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Monroe Legacy

PCM jazz choir heads to state in program's first year

PCM jazz choir heads to state in program’s first year

MONROE – “It had to be you. It had to be you. I wandered around and finally found someone who could make me be true.”

From the classrooms to the halls, these words could be heard echoing through PCM High School at around 7 a.m. Feb. 28. To many, this catchy tune by Isham Jones and Gus Kahn simply describes a typical romance – probably something straight out of the 1989 romantic comedy, “When Harry Met Sally…”

But if you listened closely to the rendition sung Feb. 28, it wasn’t necessarily about a particular person or relationship. It was about how a group of PCM students finally found something that made them be true. And that something is choral jazz.

“I never knew how much I would love it and how it would become such a big part of my life. It is crazy,” senior Sidney Metzger said. “When I heard we were doing jazz choir, I was like ‘Yes.’ I love jazz music. This was something different and right up my alley.”

For many of the choir students at PCM, this was the first year they tried their hand at singing jazz. After decades of offering show choir, PCM choir director Chloe McCartney decided to replace the program that combines choral singing and dance for vocal jazz in her first year at the helm of the PCM choir program.

From the doo-wops of improvising to getting used to the obscurities of blues scales, McCartney said the new program has allowed her choir students to explore new ways of playing with their voice and further hone their singing abilities.

“Show choir just takes a lot of money and it has become a thing where it is all about the spectacle, not so much about the singing,” McCartney said. “Jazz is coming to the forefront. I saw potential here and I thought it would be the best thing for the school. It turns out, it worked really well.”

In the first year of offering choral jazz, one of the two jazz choirs at PCM was selected to compete at the state level for the annual Iowa Vocal Jazz Championships. According to the choir teacher, the group was one of eight teams chosen to perform in the 2A division.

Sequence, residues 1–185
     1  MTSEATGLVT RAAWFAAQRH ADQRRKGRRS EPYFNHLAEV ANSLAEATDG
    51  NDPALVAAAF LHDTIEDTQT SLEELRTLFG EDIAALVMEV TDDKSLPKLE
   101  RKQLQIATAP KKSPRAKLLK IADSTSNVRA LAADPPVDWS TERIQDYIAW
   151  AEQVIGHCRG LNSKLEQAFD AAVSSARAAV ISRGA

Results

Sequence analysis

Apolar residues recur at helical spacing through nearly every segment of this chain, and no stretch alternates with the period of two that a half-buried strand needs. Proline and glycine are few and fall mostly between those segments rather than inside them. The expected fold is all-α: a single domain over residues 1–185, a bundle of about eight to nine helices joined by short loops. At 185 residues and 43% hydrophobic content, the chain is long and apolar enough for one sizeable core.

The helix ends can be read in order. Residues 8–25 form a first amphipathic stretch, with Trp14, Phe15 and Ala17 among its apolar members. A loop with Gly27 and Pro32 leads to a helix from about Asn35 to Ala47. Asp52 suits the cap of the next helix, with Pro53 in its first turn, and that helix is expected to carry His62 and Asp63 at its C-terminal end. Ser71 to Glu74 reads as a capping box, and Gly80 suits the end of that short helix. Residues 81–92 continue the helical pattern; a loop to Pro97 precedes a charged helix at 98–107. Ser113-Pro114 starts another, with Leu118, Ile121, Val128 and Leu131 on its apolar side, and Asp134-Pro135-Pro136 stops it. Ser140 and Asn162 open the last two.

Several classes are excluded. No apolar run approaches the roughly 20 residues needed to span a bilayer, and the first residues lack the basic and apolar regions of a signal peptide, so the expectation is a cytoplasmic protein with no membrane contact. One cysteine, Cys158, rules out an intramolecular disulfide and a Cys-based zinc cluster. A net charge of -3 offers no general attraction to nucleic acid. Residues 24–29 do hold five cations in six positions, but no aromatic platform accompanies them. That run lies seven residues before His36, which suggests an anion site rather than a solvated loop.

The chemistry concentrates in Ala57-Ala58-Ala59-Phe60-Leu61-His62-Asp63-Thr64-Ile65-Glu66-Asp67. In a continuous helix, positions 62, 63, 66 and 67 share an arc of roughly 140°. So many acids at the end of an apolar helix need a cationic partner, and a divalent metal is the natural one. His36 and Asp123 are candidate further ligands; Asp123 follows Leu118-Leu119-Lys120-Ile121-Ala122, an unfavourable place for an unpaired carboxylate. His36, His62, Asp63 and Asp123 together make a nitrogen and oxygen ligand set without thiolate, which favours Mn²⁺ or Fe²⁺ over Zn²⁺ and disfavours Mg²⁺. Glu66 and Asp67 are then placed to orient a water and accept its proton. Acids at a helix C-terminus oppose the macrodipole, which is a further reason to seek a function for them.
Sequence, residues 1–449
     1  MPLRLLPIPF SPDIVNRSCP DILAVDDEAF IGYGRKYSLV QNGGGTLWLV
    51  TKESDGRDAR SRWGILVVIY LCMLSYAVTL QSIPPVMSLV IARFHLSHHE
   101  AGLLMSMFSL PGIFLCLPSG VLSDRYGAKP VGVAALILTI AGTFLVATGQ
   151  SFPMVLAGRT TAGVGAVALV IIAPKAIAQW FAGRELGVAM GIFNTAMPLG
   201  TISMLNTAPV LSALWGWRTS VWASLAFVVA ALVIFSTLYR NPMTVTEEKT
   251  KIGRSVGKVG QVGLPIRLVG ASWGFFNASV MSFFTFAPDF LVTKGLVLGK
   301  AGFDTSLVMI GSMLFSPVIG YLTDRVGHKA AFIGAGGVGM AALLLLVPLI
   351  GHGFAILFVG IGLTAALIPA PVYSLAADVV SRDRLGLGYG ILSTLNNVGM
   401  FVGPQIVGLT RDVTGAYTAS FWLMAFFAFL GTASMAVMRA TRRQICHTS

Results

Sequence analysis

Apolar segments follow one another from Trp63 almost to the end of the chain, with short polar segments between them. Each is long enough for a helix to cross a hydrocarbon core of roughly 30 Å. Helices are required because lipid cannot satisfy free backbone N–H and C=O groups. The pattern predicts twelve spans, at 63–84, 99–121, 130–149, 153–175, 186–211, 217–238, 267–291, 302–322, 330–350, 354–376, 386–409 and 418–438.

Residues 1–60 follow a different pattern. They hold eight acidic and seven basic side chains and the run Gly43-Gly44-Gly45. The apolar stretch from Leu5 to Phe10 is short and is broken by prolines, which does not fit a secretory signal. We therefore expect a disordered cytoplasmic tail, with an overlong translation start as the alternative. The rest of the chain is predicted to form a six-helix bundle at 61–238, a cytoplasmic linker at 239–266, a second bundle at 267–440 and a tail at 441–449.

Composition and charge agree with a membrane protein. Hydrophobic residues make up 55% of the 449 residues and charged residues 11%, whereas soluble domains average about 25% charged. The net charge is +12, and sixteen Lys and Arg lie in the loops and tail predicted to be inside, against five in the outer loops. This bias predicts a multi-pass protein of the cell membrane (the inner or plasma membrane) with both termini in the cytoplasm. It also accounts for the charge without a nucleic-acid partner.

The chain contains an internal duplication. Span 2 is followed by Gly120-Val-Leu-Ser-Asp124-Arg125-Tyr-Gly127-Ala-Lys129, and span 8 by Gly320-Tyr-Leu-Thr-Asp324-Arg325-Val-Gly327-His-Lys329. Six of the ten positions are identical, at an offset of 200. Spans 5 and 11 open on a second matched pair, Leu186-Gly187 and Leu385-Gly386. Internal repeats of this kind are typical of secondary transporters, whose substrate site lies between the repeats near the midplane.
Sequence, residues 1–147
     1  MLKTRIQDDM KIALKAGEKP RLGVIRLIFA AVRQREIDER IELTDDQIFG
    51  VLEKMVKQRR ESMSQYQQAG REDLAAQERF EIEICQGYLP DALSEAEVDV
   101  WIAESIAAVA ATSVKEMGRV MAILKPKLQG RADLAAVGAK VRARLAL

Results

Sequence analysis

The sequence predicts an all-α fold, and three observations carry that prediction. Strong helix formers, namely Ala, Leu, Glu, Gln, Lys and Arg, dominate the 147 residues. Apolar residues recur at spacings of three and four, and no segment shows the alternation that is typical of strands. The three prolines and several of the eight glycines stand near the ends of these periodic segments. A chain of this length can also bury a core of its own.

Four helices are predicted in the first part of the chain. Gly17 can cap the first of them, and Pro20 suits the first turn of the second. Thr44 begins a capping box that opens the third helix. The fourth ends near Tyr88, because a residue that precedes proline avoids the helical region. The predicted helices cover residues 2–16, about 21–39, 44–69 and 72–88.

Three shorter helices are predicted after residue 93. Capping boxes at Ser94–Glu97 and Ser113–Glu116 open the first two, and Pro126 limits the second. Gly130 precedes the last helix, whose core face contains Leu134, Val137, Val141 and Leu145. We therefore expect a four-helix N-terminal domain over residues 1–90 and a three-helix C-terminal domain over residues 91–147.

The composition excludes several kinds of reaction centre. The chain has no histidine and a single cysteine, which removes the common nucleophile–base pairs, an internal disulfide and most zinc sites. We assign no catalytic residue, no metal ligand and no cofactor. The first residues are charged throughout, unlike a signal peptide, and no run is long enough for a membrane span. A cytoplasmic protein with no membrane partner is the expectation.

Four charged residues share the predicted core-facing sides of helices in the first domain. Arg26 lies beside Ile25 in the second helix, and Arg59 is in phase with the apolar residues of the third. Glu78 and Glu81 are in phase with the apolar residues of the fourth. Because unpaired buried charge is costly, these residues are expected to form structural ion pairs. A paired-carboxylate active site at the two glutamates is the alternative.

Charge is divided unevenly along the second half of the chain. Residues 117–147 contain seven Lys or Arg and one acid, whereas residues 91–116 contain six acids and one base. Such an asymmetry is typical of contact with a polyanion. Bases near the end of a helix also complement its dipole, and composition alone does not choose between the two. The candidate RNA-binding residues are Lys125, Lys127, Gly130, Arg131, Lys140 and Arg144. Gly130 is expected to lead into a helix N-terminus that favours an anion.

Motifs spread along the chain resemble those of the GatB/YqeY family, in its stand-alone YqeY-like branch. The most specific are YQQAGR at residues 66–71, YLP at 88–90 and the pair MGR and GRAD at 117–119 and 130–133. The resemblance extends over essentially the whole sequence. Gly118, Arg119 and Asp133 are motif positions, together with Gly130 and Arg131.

“It is not usual in the first year of doing something, you make a state event,” McCartney said. “We went to Comet Sensation at North Polk. They clinic-ed us after one of our performances, and (one of the judges) said ‘You should really submit your group for jazz championships. You guys would have a really good shot.’ I was like, ‘Oh wow.’ I was really shocked.”

The PCM Vocal Jazz Red team will perform three songs – Isham Jones and Gus Kahn’s “It Had To Be You,” Barry Manilow’s “When October Goes” and Erroll Garner’s “Misty” – in front of three judges March 27 at the Staplin Performing Arts Center in West Des Moines.

McCartney said these songs were selected from a pool by the choir students. She said this allowed them to have more fun with the music and connect to the songs on a more personal level.

“Every single one of us have a moment where we relate to each song,” senior Sydney Burns said. “We sang our ballad (‘When October Goes’). It really jelled together. Everyone was really feeling the emotions. We were all looking at each other and feeling the music.”

​The choir instructor said in the first year of offering choral jazz, she has already seen a major improvement in the students’ overall vocal skills. She said there has been many circumstances where the students recognize little aspects where they can improve, from tweaking diction of certain words to adjusting the dynamics of the song to enhance the overall impact, without her instruction and quickly make the adjustments.

“These kids are so teachable. They want to learn. They want to know more. They want to be good. They put in the work. They come in here on their own time and ask me to help them with something because they want it to be the best it can be. It is so cool to see that.”

According to McCartney, the choir kids will not be the only people representing PCM on the stage at the state championships. Senior Jacob Ponder, and PCM fourth and fifth grade music teacher, Christen Nicoll will play accompaniment for the jazz choir.

“Our choir is like a family. It connects so many people that maybe wouldn’t have (been together) if they weren’t in choir, weren’t in music, weren’t in the arts,” senior Amber Meyer said. “People come together for the arts.”

With admission to the event costing $10, PCM High School Principal Scott Bridges said he hopes to see several of the community March 27 in the audience when the students take the spotlight and show the rest Iowa why they love to sing.

“I’m really proud of what they have accomplished,” Bridges said. “I hope to be able to come up and watch them when they perform ... This will be the culminating event for them for the year.”

Contact Anthony Victor Reyes at

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